Andy Kaufman Andy and His Grandmother

Andy Kaufman Andy and His Grandmother
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It probably seemed quaint at the time, Andy Kaufman fooling around with a micro-tape recorder to capture every "slice of life" he deemed worthwhile between 1977 and 1979, and prodding each of them for some kind of insight into the human condition. As much as Kaufman was a dangerous anarchist who would betray his fans, fellow performers, and family just to provoke (often uncomfortable) reactions, he was also a populist with tremendous empathy. And, in many respects, he was a total visionary.

Kaufman was so hyper-obsessed with inauthenticity in everyday life, there is still a plausible argument that he may have planned and faked his own death almost 30 years ago. It's the ultimate example of his fervent dedication to his craft, which led him to take bits, characters and pranks into places that blurred reality and theatre and almost always found audiences shifting from appreciation to horror and various stops on the spectrum in between.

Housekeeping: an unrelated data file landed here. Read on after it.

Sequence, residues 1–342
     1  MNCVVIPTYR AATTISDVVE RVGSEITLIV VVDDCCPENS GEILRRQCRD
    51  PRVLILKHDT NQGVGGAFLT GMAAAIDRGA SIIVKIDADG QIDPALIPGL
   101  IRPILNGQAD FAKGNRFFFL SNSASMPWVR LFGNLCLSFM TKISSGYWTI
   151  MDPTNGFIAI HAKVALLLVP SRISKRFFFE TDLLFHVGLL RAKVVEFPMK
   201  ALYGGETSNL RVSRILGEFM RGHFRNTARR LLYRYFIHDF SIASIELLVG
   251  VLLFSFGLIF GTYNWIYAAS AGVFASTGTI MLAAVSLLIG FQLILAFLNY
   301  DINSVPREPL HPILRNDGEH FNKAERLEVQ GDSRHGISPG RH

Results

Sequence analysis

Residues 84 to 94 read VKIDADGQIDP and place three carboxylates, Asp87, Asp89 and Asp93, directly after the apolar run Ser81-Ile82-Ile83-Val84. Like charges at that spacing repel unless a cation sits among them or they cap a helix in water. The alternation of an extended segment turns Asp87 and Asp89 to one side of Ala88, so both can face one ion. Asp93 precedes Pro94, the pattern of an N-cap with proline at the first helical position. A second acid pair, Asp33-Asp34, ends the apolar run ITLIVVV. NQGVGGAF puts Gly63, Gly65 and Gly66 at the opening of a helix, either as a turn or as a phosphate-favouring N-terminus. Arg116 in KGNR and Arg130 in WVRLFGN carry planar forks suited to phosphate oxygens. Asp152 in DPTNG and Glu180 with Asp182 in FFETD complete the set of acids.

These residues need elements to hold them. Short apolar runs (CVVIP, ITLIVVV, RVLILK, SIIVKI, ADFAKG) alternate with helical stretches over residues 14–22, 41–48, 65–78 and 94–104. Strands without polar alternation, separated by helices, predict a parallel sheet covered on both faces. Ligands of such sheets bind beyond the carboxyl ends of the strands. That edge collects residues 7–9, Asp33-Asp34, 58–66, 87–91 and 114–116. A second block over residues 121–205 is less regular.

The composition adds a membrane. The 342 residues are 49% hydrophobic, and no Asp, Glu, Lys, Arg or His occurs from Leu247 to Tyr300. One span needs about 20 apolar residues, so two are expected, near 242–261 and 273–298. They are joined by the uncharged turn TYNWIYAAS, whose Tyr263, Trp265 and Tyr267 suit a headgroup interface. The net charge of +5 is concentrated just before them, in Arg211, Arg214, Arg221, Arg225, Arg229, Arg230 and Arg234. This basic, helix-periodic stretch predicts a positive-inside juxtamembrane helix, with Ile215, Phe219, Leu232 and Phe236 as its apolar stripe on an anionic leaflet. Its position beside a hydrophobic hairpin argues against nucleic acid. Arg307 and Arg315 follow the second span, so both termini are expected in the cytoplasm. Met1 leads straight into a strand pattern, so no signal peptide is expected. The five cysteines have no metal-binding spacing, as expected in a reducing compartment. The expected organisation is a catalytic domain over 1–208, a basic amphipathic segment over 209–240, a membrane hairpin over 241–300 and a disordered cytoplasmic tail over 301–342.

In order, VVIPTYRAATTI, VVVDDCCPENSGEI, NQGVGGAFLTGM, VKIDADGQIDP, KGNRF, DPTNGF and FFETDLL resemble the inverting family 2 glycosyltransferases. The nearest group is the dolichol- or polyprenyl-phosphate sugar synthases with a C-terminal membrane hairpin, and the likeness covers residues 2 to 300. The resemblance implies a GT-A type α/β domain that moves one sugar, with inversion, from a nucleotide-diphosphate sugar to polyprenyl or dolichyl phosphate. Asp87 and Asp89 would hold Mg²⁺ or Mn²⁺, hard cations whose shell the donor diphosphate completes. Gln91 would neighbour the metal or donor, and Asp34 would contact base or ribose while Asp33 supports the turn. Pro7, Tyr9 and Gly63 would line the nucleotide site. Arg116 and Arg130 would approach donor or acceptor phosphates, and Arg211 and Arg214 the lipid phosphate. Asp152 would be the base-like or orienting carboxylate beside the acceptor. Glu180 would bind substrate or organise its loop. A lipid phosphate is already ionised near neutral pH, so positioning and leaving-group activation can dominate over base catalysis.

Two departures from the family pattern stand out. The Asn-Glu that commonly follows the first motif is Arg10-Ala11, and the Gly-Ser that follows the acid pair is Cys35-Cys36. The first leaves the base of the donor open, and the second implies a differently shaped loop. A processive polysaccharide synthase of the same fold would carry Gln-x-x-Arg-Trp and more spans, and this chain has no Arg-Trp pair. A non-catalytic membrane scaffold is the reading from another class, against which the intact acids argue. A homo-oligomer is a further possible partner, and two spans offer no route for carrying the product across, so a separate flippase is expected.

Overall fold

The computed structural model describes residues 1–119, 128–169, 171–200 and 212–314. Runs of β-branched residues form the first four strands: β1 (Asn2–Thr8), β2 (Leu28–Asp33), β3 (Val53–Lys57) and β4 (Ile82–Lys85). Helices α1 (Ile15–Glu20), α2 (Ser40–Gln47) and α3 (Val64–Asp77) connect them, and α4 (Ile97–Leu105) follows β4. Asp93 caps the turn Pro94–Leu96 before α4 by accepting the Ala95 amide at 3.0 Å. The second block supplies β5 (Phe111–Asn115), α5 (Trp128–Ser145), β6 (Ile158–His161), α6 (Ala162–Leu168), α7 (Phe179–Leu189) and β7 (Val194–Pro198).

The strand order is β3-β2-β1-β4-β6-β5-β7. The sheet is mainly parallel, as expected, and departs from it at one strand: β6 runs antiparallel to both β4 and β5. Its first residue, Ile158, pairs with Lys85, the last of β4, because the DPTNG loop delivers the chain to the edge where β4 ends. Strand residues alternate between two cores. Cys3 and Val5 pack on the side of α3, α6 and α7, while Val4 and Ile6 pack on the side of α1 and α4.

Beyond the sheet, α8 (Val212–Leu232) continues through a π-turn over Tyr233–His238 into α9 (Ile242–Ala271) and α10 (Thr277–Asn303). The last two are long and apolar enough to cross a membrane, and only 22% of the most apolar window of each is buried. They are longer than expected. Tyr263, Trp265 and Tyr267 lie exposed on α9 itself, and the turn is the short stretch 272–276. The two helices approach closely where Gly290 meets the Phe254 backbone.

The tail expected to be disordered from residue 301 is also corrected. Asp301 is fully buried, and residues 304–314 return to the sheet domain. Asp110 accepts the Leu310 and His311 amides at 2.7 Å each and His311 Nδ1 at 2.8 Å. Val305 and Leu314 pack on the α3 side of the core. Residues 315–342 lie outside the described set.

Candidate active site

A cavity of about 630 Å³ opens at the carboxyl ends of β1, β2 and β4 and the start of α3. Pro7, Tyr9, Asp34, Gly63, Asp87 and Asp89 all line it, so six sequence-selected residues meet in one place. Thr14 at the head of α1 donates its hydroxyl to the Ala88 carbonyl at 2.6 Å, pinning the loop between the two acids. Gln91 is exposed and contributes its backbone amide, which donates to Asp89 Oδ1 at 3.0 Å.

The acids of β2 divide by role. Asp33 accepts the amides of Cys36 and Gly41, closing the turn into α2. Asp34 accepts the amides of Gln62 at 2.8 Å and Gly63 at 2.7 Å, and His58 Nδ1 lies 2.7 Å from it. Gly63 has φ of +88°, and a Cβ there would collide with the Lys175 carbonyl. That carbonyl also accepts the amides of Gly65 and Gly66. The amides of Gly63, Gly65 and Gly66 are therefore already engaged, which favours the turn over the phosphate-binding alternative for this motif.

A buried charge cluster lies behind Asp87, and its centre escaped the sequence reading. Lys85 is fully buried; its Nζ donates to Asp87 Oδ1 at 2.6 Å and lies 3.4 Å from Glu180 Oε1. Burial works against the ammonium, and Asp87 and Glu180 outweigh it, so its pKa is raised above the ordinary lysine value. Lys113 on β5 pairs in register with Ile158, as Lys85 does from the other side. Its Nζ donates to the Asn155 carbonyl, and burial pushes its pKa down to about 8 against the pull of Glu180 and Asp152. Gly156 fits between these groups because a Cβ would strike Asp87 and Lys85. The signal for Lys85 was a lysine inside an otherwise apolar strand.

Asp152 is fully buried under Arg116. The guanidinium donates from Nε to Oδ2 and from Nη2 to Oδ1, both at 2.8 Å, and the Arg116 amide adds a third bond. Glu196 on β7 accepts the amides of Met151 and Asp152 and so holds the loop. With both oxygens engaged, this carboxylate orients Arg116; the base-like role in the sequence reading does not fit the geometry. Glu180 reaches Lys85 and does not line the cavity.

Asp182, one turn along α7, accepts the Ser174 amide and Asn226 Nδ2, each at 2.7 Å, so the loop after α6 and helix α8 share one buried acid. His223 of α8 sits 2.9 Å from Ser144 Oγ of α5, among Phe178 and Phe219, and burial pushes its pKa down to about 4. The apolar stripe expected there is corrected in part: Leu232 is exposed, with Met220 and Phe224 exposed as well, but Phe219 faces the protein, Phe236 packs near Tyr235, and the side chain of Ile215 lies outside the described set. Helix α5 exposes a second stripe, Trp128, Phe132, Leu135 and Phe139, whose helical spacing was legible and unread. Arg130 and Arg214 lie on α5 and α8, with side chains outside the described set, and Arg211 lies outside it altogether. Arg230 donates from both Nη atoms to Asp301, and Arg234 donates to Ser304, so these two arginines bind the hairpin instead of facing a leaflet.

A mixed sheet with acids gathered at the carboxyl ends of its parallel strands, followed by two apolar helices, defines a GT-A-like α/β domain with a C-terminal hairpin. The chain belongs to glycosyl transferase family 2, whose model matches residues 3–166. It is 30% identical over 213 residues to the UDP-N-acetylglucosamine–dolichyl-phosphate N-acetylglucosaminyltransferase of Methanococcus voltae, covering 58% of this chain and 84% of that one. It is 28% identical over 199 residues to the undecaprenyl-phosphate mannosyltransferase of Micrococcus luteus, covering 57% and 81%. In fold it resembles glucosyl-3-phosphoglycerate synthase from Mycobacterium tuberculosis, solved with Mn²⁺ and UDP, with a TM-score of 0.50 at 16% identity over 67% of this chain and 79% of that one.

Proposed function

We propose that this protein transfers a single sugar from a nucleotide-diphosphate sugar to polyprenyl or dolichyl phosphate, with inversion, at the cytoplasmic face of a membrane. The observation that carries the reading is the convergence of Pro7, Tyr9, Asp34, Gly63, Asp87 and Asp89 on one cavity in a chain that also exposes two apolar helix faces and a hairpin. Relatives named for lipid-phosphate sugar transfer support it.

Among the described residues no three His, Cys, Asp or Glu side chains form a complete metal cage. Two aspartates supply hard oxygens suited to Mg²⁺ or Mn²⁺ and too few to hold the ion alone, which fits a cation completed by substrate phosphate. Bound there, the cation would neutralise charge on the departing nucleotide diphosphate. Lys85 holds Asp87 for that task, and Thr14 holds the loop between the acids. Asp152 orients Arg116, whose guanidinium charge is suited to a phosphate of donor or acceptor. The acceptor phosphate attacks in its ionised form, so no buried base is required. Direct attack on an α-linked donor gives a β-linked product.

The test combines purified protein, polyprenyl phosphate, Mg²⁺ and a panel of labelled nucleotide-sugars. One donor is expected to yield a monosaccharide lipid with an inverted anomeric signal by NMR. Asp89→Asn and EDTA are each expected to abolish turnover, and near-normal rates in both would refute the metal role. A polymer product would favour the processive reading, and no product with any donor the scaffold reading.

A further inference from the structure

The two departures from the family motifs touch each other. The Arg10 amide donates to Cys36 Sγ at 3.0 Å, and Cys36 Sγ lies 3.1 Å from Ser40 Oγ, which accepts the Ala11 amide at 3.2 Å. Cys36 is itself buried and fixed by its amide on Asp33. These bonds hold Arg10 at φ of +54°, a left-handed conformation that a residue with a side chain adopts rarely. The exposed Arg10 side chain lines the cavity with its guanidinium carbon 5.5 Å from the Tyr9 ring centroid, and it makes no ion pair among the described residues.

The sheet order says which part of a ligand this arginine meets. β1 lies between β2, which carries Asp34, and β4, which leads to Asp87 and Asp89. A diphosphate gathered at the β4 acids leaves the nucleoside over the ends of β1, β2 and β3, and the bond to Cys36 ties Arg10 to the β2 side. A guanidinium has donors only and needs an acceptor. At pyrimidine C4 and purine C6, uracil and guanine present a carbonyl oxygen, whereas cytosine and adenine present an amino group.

Kaufman loved his audience often by openly loathing them and their aversion for where he needed to take them. And, even if the risk didn't always pay off, he walked around like it did or that the results were ultimately inconsequential to him. At least he was trying.

Culled from 82 hours of tape by writer/performer Vernon Chatman (Wonder Showzen, South Park), Andy and his Grandmother is Kaufman's first LP, a posthumous (?) collection of fascinating conversations about abortion, seemingly real disputes with authority figures, and, of course, quasi-endearing interactions between Kaufman and his put-upon sparkplug of a grandmother. There are some obvious performance art / tape collages here too that have a surreal quality to them but the most interesting moments, for those of us steeped in the way contemporary comedians communicate, feature Kaufman in "conversation."

There's so much bitter rage in the confrontations and you just know that Kaufman is conducting all of it (notably, a phone call purportedly between two of his lovers). Even the seemingly benign, familial discussions are rich with this specific tension that Kaufman was eerily able to draw out of the air, just by pushing the right buttons. It's the real stuff — the dark, unspoken dynamic that we sometimes share with each other — that Kaufman experiments with like a mad scientist and exploits with the fearless energy of an artist whose aesthetic is based in pretension and distortion.

It's not pleasant, nor often even obviously funny, but in this golden age of over-sharing comedians and therapy-as-podcasts, Andy Kaufman and his Grandmother feels very 2013. In his quest for comedic and artistic transcendence, Kaufman's intense pursuit of the "real" was, at the very least, unwittingly timeless. (Drag City)